Date of Award

January 2022

Document Type


Degree Name

Master of Public Health (MPH)


School of Public Health

First Advisor

Ashley Hagaman


Background: There is a lack of data on response behaviors among young mothers in low- and middle-income countries. Emerging passive sensing technology has been increasingly allowing researchers to collect this type of day-to-day behavioral data.

Methods: We administered PHQ-9 depression surveys and the Observation of Maternal-Child Interaction (OMCI) measure to young mothers between the ages of 15-25 in the Chitwan region of Nepal, and conducted key informant interviews with all mothers selected for participation.

Results: Among 54 mother-infant dyads, we found that there was no statistically significant correlation between maternal responsiveness and proximity. When we stratified participant groups by depression status, there we found that mothers without depression were no more or less likely to have a relationship between proximity and maternal responsiveness.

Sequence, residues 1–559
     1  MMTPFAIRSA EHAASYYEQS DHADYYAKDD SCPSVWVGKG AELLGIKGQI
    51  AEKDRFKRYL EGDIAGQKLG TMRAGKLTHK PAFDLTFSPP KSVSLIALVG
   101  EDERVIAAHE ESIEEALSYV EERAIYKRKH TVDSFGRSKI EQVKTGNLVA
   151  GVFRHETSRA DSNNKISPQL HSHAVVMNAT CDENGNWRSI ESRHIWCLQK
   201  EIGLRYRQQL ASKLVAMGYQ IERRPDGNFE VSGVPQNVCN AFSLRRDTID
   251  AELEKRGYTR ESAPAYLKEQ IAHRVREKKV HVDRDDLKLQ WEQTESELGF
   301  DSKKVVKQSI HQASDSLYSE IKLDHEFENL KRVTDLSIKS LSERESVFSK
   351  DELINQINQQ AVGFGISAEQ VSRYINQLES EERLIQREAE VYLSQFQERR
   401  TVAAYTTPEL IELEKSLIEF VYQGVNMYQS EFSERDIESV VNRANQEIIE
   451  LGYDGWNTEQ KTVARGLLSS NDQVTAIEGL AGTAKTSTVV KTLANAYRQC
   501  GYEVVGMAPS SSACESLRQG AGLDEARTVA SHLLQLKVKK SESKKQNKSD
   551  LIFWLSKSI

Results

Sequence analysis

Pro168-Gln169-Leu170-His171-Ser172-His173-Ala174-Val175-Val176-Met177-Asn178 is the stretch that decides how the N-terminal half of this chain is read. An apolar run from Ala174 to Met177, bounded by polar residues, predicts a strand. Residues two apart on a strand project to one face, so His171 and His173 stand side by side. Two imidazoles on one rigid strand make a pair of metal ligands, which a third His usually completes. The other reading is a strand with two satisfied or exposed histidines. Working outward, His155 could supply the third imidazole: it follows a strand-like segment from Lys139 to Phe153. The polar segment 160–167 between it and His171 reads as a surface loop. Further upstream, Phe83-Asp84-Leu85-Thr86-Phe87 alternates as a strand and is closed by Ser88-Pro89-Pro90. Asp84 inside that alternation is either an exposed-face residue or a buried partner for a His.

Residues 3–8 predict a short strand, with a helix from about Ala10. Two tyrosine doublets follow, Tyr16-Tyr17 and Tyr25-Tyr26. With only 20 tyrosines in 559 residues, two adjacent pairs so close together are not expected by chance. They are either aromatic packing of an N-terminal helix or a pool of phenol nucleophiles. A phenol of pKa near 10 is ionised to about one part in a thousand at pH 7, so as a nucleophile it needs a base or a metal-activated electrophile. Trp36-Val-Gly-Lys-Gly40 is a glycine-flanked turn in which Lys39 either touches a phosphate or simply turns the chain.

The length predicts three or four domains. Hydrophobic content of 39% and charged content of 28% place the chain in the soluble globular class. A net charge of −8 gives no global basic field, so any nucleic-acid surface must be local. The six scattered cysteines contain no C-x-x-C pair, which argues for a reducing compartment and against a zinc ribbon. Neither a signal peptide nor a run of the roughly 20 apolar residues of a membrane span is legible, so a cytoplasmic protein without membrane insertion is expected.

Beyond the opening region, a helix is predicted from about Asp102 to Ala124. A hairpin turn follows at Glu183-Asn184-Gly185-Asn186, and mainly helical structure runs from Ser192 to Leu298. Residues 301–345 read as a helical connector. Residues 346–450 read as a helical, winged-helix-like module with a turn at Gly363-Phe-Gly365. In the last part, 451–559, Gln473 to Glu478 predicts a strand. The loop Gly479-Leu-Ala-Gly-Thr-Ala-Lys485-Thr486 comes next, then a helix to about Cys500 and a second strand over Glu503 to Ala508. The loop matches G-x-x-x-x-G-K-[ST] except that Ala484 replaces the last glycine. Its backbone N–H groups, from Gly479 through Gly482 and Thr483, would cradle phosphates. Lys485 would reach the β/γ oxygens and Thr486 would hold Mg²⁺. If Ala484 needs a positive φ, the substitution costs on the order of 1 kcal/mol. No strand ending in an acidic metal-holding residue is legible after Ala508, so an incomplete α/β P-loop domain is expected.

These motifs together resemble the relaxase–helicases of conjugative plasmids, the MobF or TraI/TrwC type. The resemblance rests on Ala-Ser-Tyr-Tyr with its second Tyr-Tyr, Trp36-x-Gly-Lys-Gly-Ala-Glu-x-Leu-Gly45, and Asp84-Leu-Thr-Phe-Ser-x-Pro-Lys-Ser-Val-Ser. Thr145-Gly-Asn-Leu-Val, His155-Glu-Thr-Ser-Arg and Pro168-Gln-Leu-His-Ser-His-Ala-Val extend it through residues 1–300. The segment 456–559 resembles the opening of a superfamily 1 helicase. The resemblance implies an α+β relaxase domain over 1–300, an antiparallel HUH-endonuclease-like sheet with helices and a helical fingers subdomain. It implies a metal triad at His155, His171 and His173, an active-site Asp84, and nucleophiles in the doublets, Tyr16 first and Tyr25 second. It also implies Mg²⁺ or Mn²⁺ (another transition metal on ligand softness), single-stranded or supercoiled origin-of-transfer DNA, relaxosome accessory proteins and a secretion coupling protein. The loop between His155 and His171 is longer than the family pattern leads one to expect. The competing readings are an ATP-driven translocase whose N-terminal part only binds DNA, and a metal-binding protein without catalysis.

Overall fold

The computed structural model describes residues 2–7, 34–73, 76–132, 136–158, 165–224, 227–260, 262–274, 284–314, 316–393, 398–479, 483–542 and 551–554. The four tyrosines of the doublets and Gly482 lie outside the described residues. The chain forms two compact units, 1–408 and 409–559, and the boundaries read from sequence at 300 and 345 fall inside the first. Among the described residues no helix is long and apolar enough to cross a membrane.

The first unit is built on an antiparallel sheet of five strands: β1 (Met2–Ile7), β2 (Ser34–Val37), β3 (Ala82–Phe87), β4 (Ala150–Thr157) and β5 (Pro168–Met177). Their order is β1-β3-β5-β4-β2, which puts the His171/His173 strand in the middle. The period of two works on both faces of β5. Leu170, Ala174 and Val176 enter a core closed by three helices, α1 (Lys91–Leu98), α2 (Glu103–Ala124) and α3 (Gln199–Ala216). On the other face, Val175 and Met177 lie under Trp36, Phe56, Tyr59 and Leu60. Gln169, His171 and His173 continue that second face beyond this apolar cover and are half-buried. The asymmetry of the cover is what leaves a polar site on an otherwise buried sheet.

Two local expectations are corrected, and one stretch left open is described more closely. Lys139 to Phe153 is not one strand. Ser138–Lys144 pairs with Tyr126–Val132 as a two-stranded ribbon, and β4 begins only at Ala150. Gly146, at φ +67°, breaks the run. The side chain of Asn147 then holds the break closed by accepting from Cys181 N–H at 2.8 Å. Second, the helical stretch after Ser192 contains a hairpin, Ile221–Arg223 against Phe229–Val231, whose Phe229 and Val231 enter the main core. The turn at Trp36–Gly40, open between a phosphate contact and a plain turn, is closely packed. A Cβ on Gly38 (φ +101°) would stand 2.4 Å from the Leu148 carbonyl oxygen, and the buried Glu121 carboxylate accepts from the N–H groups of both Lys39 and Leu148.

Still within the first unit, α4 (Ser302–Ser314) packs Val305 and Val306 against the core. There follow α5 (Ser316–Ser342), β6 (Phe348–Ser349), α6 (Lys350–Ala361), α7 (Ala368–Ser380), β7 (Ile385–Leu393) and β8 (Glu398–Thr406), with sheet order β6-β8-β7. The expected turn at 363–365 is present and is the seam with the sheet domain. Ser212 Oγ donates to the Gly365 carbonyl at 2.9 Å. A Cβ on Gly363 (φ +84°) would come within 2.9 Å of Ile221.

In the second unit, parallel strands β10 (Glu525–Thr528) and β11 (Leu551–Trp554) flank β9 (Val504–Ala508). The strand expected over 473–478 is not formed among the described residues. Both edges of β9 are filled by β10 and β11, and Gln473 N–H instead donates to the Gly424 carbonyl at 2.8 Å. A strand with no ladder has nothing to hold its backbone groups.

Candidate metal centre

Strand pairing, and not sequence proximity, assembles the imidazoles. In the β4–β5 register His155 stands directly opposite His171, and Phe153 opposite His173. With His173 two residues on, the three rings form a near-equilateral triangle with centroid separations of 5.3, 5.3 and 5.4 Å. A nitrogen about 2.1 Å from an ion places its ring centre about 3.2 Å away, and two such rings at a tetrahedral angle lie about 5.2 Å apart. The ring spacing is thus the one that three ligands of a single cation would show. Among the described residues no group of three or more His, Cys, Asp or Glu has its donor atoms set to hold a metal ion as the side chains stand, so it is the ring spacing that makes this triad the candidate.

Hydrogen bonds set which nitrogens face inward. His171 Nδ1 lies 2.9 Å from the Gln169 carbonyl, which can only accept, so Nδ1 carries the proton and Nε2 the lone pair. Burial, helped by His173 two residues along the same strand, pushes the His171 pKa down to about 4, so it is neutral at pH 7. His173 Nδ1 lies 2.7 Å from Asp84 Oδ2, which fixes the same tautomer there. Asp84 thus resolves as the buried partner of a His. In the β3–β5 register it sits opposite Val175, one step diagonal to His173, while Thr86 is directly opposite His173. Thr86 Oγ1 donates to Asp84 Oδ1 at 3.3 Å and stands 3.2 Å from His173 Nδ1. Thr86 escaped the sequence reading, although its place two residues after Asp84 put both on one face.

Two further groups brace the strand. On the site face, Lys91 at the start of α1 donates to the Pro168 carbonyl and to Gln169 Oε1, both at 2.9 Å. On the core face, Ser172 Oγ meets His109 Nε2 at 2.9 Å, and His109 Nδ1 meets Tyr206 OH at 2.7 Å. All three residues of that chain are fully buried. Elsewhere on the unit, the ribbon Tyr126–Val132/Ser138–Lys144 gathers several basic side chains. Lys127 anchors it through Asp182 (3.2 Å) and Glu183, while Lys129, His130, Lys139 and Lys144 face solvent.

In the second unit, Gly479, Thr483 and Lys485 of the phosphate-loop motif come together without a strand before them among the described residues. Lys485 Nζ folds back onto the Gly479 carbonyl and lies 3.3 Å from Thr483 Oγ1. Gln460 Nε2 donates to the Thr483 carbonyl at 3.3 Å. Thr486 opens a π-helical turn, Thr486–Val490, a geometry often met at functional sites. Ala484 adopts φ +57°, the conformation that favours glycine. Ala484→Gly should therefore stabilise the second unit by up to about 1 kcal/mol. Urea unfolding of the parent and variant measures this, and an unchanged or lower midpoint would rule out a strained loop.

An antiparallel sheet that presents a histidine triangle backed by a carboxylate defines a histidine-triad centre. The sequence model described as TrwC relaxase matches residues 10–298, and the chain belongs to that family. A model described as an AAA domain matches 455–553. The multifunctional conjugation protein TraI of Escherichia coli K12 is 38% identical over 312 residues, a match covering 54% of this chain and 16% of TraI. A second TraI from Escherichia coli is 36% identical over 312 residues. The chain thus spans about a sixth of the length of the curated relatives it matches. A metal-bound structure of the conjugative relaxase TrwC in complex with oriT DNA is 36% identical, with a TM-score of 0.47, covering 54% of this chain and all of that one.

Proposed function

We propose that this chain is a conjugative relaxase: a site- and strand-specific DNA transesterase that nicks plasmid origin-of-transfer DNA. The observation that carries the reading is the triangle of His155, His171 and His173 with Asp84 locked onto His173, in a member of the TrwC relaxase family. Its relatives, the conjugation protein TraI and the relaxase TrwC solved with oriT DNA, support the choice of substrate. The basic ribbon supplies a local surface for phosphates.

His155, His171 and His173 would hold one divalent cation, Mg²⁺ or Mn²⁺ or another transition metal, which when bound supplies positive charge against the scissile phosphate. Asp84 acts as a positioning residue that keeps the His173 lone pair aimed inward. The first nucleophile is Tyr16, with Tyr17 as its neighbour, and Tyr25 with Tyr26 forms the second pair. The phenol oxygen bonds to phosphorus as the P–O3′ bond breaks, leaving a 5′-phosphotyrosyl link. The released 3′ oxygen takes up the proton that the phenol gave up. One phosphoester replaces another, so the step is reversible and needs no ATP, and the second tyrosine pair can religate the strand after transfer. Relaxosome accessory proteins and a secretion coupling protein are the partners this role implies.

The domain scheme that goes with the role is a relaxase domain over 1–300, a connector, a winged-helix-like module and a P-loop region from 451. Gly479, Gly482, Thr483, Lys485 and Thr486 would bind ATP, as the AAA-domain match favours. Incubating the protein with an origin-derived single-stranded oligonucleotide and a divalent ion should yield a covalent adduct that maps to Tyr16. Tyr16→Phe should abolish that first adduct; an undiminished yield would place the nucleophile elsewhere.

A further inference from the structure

Conclusion: Overall, our analysis presents a unique approach to understanding the relationship between responsivity, proximity, and maternal mental health, and explores how using passive sensing technologies can help us better understand the response behaviors among populations in low- and middle-income countries.

Keywords: Nepal, young motherhood, young mothers, maternal health, proximity, maternal responsiveness, maternal interaction, maternal-infant interaction, parental interaction, mental health, depression, passive sensing technology, digital Bluetooth sensors, social and behavioral sciences


This thesis is restricted to Yale network users only. It will be made publicly available on 05/19/2024